AHFoZ pushes for fraud laws

HARARE - Stakeholders in the health sector are pushing for healthcare fraud laws to curtail costs that are shooting through the roof as a result of underhand dealings crippling the industry.

Zimbabwe is already in the process of enacting a Medical Aid Societies Bill to, among other things, establish an authority that would regulate health insurers and help solve disagreements between insurers and health providers.

The Bill is expected to be debated in Parliament soon.

While the Bill will go a long way in dealing with issues of great concern to the sector, industry actors still feel that they need separate laws to deal with fraud-related issues.

According to resolutions passed at the Healthcare Fraud Conference held in Harare last week, the enactment of a healthcare fraud law should be done as a matter of urgency.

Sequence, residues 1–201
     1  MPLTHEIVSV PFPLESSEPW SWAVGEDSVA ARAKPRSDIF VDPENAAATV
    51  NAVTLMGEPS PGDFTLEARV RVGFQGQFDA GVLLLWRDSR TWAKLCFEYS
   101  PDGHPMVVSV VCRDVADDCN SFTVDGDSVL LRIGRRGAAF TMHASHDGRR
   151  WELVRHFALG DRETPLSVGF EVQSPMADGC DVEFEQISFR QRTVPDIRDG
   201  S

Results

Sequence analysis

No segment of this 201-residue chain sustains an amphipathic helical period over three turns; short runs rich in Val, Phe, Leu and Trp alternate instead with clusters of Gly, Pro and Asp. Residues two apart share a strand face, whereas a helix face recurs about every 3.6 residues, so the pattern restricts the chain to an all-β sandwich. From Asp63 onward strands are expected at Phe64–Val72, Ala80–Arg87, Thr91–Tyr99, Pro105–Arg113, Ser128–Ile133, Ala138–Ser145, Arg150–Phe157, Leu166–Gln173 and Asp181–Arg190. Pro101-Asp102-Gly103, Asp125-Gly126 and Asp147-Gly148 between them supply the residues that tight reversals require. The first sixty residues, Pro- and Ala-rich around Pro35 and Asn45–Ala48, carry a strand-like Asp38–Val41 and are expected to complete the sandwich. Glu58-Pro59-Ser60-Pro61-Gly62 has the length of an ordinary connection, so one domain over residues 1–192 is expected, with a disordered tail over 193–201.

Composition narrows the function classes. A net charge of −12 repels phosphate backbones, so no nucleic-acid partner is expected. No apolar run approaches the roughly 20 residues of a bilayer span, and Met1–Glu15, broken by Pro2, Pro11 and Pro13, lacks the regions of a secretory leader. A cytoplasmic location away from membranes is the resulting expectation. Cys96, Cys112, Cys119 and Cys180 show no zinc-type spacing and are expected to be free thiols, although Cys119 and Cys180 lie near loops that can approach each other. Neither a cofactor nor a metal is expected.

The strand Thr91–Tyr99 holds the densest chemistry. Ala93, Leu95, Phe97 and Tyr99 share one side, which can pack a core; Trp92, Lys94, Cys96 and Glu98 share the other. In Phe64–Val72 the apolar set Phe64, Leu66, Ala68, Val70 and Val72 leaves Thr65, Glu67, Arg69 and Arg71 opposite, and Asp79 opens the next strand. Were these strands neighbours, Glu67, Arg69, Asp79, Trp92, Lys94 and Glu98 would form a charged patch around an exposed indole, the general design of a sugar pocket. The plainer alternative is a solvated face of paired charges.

The indaba was initiated by the Association of Healthcare Funders of Zimbabwe (AHFoZ).

“We realised that we cannot fight fraud alone. Therefore we have taken the lead in bringing key stakeholders on board,” said Shylet Sanyanga, AHFoZ’s chief executive officer.

The conference was attended by representatives of medical aid societies, laboratories, pharmacists, doctors and the legal sector.

Policy planning and coordination director in the ministry of Health and Child Care Stephen Banda said some of the drivers of healthcare fraud include an uncertain or weak regulatory framework, fragility in demand for healthcare service and political interference.

Banda, who indicated that government was grappling with rising healthcare costs, said partnerships were vital in sharing best practices and improving the detection of fraud.

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